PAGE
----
Lilly has negotiated a deal to acquire Cambridge, MA-based CoLucid Pharmaceuticals for $46.5 per share in cash, which is approximately $960 million in cash. CoLucid’s flagship product is the late clinical-stage migraine therapy candidate  lasmiditan, an oral 5-hydroxytryptamine (serotonin) receptor 1F (5-HT1F) agonist that has completed two Phase III trials and was originally licensed to CoLucid by Lilly back in 2005. The transaction is expected to close by the end of Q1 2017, subject to customary conditions.

Lilly says lasmiditan will bolster its emerging pain management pipeline, which includes the calcitonin gene-related peptide (CGRP)-targeting antibody, galcanezumab (LY2951742). Galcanezumab is in Phase III development for the prevention of migraine and cluster headaches. Lilly acquired the drug from Arteaus Therapeutics in 2014. A second pain candidate, the nerve growth factor (NGF)-targeting humanized antibody tanezumab, is in Phase III development in partnership with Pfizer for multiple potential pain indications, including osteoarthritis, lower back pain, and cancer pain. Phase III development of tanezumab for chronic pain management had been held back by a 3-year partial clinical hold on all NGF-targeting antibody candidates imposed by the FDA between 2012 and 2015 while the agency reviewed nonclinical data following adverse effects of anti-NGF antibodies on the sympathetic nervous system in animals. Trials in terminal cancer were not affected.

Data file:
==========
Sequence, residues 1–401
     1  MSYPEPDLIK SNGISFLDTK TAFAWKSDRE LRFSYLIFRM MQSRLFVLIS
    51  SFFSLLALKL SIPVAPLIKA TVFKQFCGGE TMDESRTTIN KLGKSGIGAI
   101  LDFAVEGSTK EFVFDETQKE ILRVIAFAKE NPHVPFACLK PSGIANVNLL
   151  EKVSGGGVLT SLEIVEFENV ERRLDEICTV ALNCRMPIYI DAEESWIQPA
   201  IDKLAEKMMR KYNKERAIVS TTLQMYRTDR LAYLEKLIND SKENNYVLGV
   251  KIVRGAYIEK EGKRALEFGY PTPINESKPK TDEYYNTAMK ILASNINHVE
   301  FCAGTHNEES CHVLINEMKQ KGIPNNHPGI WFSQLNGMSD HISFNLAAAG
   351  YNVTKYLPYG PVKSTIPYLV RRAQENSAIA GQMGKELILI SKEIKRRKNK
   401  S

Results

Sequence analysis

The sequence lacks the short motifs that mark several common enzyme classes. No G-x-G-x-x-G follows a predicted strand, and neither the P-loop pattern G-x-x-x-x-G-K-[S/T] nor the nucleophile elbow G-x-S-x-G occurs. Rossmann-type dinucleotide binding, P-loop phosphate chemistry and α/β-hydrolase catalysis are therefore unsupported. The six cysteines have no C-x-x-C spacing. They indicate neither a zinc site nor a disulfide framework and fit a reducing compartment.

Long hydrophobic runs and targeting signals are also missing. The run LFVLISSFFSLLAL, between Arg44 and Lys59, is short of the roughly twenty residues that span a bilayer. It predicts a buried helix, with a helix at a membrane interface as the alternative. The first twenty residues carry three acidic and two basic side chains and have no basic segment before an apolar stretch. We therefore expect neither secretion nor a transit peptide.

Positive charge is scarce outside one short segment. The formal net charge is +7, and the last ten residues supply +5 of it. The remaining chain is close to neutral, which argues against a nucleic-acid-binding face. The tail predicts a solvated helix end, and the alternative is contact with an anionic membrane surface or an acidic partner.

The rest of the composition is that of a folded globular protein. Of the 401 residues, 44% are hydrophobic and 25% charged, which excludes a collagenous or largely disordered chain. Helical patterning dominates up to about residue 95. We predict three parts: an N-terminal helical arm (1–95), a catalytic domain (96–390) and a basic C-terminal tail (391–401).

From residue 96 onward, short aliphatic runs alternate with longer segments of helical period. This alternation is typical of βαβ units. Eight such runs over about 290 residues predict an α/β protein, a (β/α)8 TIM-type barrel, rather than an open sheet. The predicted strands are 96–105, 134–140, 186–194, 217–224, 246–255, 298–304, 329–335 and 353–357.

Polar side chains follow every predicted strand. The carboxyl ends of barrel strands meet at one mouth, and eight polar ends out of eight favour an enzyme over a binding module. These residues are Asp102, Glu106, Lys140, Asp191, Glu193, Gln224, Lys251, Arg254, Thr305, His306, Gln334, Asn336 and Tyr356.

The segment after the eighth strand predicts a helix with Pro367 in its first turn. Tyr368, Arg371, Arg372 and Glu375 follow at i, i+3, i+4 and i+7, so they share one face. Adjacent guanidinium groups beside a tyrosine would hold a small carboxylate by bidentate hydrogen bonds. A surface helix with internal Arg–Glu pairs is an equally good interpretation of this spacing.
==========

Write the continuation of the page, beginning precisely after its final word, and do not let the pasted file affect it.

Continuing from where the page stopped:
Lasmiditan was originally discovered at Lilly and was out-licensed to CoLucid in 2005, because at that time pain management wasn’t a strategic area of focus for Lilly, the firm notes. A reorganization of R&D priorities means that migraine is now part of the firm's therapeutic focus on pain management. “Lasmiditan is a novel, first-in-class molecule that could represent the first significant innovation for the acute treatment of migraine in more than 20 years, and CoLucid has made significant progress in advancing this potential medicine,” stated David A. Ricks, Lilly's president and CEO. “This innovation, along with galcanezumab, could offer important options for the millions of patients suffering from migraine.”

“We are excited that lasmiditan will be back at Lilly, where it was originally discovered, for the conclusion of Phase III development and potential commercialization,” added Thomas P. Mathers, CoLucid's CEO. “We are proud of the work that CoLucid has done to develop lasmiditan, and we believe Lilly's expertise in pain and commitment to innovation are a natural fit to potentially bring this medicine to patients.”


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